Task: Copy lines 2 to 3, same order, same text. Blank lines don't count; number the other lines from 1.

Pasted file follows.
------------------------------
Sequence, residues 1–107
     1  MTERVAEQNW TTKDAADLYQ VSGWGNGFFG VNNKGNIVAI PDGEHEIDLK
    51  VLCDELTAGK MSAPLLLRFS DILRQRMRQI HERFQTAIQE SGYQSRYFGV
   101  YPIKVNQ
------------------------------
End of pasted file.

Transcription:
     1  MTERVAEQNW TTKDAADLYQ VSGWGNGFFG VNNKGNIVAI PDGEHEIDLK
    51  VLCDELTAGK MSAPLLLRFS DILRQRMRQI HERFQTAIQE SGYQSRYFGV